What is a Haplotype? What is a Haplogroup?
One of the ways geneticists and genealogists help to distinguish the deep origins of a person’s maternal and paternal ancestors who lived thousands of years ago is through the identification of their haplogroup and haplotype.
Basically, a haplogroup is roughly equivalent to a person’s nation of origin. A haplotype is a subset of a haplogroup and helps to further drill down the nation and region of a person’s origin. Because some haplotypes are more common in certain haplogroups, it is many times possible to predict what a person’s haplogroup is based on what their haplotype is.
Haplotype is actually short for “haploid genotype” and refers to the combination of genetic markers in multiple locations in a single chromosome. If two people match exactly on all of the markers they have had tested, they share the same haplotype and are related.
The degree of relatedness can be predicted based on the number of markers that have been tested. The more markers tested and compared, the better and more accurate the prediction.
Haplogroups to refer to the single nucleotide polymorphism mutations (SNPs) that determine the clade that a collection of haplotypes belong.
Man originated in Africa and has migrated throughout the world since that time. As that migration has taken place, man has changed and adapted to his surroundings over thousands of years.
For example, in places where there is limited sun, man’s skin has lightened. To better protect against the cold of northern regions, man’s build has become more stocky and insulated. These changes have created different genetic compositions.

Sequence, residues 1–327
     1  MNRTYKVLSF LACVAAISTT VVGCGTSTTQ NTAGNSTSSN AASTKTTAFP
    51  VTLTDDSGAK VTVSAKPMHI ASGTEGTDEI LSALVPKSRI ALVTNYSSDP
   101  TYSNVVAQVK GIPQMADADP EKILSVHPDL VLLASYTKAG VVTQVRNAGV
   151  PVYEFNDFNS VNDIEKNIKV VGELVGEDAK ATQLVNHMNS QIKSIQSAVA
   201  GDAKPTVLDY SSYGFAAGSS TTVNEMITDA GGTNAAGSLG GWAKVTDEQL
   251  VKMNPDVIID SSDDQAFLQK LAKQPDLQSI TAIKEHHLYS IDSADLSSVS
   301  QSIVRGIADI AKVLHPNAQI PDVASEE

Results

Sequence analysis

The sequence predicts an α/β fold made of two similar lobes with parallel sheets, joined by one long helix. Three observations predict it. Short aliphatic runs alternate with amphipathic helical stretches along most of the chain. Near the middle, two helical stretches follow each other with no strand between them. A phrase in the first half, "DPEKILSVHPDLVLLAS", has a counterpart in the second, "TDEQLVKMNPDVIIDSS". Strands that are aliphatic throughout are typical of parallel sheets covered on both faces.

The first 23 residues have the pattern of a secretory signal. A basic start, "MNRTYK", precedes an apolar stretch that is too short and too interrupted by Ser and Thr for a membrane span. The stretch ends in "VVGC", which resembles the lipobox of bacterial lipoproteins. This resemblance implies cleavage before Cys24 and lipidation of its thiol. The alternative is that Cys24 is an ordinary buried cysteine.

For identification purposes, these different genetic compositions are known as haplogroups. Haplotypes are subsets of various haplogroups.
How Many Haplogroups and Haplotypes are there?
All Y-chromosomal haplogroups can trace their common lineage from a Y-chromosomal Adam who is the most recent patrineal ancestor of all people living today.
It is believed he lived about 236,000 years ago. He was not the only man living at that time, he simply was the only man with an unbroken male line of descent to the present day. He is known as the “most common recent ancestor” which is sometimes designated as MCRA.
From this common ancestor, it is possible to create a family tree of sorts of the human race known as a Phylogenetic tree of Y-DNA haplogroups. The human Y-chromosome accumulates about two mutations per generation. Y-DNA haplogroups share hundreds or even thousands of mutations that are unique to each haplogroup.
The International Society of Genetic Geneaology has created the following Phylogenetic tree of the Y-DNA haplogroups. Because of continuing research, the structure of the Y-DNA Haplogroup Tree changes quite often to keep updated with the latest developments in the field.
The tree is chronological in nature with the oldest haplogroups appearing at the top of the tree, and the most recently created haplogroups appearing at the bottom of the tree.
For example, Haplogroup A’s possible time of origin is estimated at 236,000 years ago. Haplogroup F is believed to have originated about 65,900 years ago in Eurasia. And Haplogroup R possibly originated about 31,900 years ago in Asia.